Malcolm Morrison keeps his Aero Commander U9 in the backyard.
It isn’t so much hiding in plain site as it is just idling there in Stormstown, out in the open, doors unlocked, the key — so to speak — in the ignition.
His lax security standards can be attributed to the overarching benefits of life in a small town, the type of place where a man can trust his neighbors to resist any and all lingering temptations to strap themselves into the cockpit and go for a joyride up into the wild blue yonder.
Of course, it helps that this particular plane has no engine and sports a pair of wings that have been filed down into nubs. Trust only gets you so far.
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“I think everyone has some fascination with flight, I really do,” Morrison said.
I think everyone has some fascination with flight, I really do.
Before you go reading too much into that, consider the source.
Morrison has been mesmerized by aviation since he was a boy. The world was a simpler place back then — or at the very least, a less cautious one.
Now it’s more difficult for a curious youngster to get close to an aircraft without a ticket or a pilot’s license in hand, subjecting a love affair with planes to the same indignities suffered by any other long distance relationship.
The romance might still be there, but the spark is flickering.
Morrison bought the shell of the Aero Commander U9 on eBay because — well, he just enjoys buying airplane parts online — but also with the hope that there are still young imaginations out there that remain strapped in and ready for takeoff.
That post-retirement plane you’ve chartered to Fiji won’t be flying itself, you know.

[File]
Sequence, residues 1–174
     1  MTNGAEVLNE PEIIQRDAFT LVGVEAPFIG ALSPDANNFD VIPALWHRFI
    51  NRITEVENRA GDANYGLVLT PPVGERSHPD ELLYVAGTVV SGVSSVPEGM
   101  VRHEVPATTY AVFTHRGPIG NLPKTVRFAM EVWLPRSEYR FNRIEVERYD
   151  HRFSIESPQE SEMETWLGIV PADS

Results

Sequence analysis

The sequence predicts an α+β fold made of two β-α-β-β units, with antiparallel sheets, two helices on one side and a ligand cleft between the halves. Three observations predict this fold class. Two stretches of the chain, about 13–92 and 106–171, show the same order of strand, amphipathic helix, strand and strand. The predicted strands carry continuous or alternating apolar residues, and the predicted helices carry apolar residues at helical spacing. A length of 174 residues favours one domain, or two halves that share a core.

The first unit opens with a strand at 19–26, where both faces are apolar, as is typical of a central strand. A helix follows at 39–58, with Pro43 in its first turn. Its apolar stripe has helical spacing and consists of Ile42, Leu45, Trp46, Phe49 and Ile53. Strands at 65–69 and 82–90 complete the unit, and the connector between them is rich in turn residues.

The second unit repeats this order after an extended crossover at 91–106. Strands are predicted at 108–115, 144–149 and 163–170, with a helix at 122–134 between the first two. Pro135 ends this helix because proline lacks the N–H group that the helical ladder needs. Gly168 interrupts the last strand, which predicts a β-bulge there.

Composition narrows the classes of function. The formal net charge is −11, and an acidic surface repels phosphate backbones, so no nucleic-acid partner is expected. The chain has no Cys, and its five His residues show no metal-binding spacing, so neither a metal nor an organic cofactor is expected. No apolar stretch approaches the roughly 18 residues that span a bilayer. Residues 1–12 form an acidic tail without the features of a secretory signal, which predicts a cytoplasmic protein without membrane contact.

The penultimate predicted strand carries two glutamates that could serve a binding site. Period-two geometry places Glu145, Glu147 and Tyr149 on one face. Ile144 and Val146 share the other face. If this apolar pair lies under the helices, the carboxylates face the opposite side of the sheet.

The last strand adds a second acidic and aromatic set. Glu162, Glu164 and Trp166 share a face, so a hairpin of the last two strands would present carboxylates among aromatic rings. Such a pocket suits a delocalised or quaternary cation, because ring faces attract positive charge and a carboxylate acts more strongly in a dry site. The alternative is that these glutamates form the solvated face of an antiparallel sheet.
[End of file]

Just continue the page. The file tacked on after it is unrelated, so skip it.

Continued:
“We keep hearing that there’s going to be a shortage of pilots in the near future,” Morrison said.
We keep hearing that there’s going to be a shortage of pilots in the near future.
When he hauled the Aero Commander U9 out of a junkyard in Ohio, it was what those in the aviation business might have deemed a bit of a “fixer-upper.” Or what those in the classifieds department might consider “gently used.”
The rest of us would probably just call it “scrap metal.”
This plane, as Morrison tells it, was one of the original three of its kind to be presented to the Army for testing back in 1952. By the time he got his hands on fuselage, the shell had been almost completely gutted, whatever inspirational powers it may have once possessed humbled by the wear and tear of the past.
Morrison replaced most of the original instrument panel — to satisfy man’s primal need to push random buttons — and installed three seats that were themselves refugees from the husk of an old car. The result is about as close as the old bird will get to recapturing some of its luster — and a pretty convincing simulation to boot.
So far, the Aero Commander’s second lease on life has been spent at aviation conventions and the Penn State homecoming parade, but Morrison is hoping to start renting it out to children’s birthday parties.
The response from that key demographic has already been very enthusiastic.
“You even hear them talking like pilots,” Morrison said.